The US should take the lead in promoting global co-operation in the international tax arena. There has been a race to the bottom in the taxation of corporate income as nations lower their rates to entice business to issue more debt and invest in their jurisdictions. Closely related is the problem of tax havens that seek to lure wealthy citizens with promises that they can avoid paying taxes altogether on large parts of their fortunes. It might be inevitable that globalisation leads to some increases in inequality; it is not necessary that it also compromise the possibility of progressive taxation.Proposition Two, from Greg Mankiw
This issue goes well beyond economics to questions of political economy and political philosophy. If you think it is the job of government to take from Peter to pay Paul, and if Peter can move around the globe, then you need international tax cooperation. Otherwise, some countries will become nations of Peters, leaving all the Pauls to fend for themselves. On the other hand, if you think that the main job of government is to facilitate voluntary exchange by protecting property rights, rather than re-slicing the economic pie as it sees fit, then tax competition is a good check against excessive interventionism. In other words, are you more worried about too little government or too much?Proposition Three, from Arnold Kling
The question that I would ask Larry Summers (who is on the other side from me on this issue) would be this: how big a share of GDP would the Federal government have to control before you would worry about government being too big? I mean, unless you have a totally romantic notion of government as the embodiment of the will of the people (and I don't think Larry would make that defense), there must be some upper limit. Right now, the Federal government directly controls roughly 20 percent of GDP, and indirectly it controls more through regulation, mandates for state governments. etc. If that's not too much, then what is? 30 percent of GDP? 50 percent of GDP? 75 percent of GDP?This is actually a great kind question to ask of anyone who makes a normative statement. If the Government doesn't control enough of the GDP, how much should it control? If oil companies make too much profit, how much profit should they be making? What is the optimal capital gains rate, if the current one is too high or low? What should the prison population be? What should Acme Inc's CEO be making? How much should those tickets cost? How many pairs of shoes should you own? And why?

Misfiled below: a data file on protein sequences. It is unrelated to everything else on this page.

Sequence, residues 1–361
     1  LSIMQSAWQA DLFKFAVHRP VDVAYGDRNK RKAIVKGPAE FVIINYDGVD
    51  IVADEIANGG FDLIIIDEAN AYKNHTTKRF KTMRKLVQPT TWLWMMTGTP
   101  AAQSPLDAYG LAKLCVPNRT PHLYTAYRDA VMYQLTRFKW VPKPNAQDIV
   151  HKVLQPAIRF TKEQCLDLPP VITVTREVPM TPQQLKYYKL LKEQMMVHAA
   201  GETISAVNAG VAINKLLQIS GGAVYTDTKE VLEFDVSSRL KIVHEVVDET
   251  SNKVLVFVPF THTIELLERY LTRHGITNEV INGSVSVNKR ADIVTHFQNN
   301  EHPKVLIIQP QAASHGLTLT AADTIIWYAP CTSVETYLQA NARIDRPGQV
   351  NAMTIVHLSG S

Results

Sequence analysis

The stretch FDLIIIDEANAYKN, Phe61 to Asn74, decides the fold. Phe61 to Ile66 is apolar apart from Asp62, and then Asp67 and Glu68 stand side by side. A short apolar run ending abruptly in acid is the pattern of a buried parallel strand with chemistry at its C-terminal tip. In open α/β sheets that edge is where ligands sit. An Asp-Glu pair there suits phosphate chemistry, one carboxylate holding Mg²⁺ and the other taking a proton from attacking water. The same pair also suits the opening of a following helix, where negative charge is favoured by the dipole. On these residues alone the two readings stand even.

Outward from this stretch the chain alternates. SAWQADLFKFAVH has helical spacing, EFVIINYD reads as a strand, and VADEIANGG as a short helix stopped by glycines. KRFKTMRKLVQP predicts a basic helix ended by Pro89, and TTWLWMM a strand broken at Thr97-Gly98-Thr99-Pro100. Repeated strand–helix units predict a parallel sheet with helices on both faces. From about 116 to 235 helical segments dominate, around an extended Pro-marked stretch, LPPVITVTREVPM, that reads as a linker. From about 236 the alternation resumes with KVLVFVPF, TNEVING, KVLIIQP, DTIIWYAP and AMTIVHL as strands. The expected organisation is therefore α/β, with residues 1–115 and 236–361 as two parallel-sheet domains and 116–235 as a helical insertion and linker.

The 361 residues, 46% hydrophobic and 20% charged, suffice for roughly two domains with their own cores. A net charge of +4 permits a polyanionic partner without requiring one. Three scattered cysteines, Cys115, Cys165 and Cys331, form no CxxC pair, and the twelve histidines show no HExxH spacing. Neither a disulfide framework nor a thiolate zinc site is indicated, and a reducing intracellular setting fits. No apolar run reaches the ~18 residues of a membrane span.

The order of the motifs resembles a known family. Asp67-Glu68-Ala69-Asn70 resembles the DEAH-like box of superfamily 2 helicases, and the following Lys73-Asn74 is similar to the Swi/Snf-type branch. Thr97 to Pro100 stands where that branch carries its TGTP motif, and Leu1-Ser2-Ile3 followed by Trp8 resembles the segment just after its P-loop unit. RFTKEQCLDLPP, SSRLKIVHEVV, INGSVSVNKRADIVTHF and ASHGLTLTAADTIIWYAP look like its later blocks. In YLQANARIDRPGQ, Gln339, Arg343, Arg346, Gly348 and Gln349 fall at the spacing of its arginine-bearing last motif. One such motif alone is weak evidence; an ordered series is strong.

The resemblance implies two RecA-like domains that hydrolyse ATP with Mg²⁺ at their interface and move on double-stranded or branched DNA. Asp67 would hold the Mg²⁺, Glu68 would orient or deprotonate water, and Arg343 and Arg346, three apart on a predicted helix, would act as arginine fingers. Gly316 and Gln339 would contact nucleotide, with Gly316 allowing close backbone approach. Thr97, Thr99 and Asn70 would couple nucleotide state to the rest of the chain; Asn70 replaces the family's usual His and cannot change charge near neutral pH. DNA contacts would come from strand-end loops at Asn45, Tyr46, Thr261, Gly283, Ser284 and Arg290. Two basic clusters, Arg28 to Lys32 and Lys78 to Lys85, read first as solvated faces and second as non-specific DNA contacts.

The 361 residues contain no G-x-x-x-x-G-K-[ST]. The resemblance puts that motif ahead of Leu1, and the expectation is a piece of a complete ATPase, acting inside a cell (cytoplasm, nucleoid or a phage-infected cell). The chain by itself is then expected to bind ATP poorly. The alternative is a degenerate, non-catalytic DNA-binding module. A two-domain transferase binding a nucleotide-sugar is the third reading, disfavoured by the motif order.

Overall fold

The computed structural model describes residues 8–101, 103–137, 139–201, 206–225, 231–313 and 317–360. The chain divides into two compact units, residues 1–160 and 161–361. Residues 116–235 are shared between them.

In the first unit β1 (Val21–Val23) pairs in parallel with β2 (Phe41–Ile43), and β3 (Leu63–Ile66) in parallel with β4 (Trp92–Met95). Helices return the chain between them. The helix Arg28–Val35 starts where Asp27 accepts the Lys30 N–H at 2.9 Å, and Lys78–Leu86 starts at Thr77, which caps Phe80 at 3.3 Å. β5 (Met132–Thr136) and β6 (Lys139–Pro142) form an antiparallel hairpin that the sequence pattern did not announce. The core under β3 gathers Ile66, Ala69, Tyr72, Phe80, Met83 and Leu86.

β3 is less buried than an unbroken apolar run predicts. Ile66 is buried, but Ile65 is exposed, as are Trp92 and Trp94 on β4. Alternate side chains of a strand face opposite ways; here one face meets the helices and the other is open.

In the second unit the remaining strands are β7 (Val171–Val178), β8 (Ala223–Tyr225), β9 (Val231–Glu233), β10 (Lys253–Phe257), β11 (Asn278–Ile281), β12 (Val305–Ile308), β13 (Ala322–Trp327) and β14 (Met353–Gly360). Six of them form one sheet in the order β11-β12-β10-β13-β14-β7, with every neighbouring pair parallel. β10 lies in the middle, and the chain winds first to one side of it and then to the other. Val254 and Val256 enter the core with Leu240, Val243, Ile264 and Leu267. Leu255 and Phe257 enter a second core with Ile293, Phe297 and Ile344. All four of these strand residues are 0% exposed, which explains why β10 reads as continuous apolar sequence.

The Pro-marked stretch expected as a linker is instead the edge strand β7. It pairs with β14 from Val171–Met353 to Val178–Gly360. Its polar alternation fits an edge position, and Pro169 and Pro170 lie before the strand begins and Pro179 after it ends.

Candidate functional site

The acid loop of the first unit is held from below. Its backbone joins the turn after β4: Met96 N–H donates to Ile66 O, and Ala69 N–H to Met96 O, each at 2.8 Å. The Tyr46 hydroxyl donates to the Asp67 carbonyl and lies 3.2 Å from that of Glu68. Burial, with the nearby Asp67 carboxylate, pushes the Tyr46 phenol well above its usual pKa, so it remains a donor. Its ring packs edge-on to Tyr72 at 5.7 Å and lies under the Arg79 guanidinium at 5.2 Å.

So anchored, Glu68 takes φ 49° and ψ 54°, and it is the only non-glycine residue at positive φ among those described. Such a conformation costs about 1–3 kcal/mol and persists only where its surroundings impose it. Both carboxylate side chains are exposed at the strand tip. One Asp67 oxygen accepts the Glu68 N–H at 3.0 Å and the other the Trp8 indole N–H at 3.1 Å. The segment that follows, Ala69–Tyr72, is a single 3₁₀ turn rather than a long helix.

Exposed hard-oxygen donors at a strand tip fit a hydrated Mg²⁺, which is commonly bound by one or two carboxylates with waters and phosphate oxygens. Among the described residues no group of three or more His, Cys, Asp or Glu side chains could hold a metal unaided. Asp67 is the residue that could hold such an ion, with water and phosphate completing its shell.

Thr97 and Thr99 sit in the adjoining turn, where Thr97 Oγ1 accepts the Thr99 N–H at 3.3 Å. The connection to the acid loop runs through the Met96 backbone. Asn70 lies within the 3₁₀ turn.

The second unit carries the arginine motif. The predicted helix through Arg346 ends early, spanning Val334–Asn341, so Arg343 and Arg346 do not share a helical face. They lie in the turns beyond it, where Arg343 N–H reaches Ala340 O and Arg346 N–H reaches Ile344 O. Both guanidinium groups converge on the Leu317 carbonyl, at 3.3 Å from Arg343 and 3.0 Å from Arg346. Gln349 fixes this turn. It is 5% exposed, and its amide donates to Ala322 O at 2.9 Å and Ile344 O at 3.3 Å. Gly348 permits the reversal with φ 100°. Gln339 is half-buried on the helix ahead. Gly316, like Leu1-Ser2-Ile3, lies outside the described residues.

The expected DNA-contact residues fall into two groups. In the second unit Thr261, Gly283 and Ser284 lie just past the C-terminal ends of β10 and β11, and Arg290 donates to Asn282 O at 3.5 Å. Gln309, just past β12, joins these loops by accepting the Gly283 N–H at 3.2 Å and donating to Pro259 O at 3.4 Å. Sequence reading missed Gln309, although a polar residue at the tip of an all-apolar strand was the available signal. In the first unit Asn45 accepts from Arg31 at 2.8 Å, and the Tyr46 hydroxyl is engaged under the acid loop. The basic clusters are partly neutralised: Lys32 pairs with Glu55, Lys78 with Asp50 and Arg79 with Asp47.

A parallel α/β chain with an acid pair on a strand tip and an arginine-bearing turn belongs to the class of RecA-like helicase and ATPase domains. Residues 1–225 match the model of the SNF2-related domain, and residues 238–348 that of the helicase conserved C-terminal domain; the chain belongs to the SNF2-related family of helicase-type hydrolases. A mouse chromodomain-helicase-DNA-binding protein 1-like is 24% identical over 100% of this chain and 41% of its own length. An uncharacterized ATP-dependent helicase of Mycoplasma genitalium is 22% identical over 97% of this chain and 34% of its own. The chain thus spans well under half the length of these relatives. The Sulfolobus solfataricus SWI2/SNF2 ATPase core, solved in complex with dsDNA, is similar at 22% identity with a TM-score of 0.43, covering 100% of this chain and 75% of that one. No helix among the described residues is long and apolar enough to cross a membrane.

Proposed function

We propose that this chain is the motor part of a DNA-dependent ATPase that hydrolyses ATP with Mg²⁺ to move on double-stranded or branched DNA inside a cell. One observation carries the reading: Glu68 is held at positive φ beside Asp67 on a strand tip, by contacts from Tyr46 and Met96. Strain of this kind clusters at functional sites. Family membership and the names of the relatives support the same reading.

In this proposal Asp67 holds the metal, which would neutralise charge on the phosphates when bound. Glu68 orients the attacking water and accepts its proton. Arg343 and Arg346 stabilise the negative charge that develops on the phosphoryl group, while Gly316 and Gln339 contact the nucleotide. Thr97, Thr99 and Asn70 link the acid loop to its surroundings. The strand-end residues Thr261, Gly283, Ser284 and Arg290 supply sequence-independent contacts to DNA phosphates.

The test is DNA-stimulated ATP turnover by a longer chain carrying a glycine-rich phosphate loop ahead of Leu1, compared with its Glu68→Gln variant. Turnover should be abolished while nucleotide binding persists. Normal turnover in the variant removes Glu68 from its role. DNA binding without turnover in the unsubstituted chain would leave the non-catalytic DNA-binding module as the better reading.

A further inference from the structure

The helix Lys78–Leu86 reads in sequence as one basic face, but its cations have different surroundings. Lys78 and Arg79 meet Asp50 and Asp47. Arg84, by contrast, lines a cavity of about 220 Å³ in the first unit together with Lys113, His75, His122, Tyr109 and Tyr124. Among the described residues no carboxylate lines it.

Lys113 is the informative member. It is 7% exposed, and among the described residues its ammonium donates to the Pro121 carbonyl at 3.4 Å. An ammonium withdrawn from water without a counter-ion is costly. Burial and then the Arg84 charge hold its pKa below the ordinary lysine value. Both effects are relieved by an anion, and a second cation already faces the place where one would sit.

It's not that these questions are unanswerable per se (although I suspect most of the time you won't get an answer), but forcing someone to defend their answer will tell you almost everything you need to know about their attitudes and reasons for making their original claim.
Matt Welch asks an even more direct question regarding LA's "affordable housing." Confronted with a constant refrain of "there ought to be more" he asked "how much is there now?" Predictably, he got no answer. Not only could no one answer how much there ought to be, no one knew how much there already was. But still, gotta have more.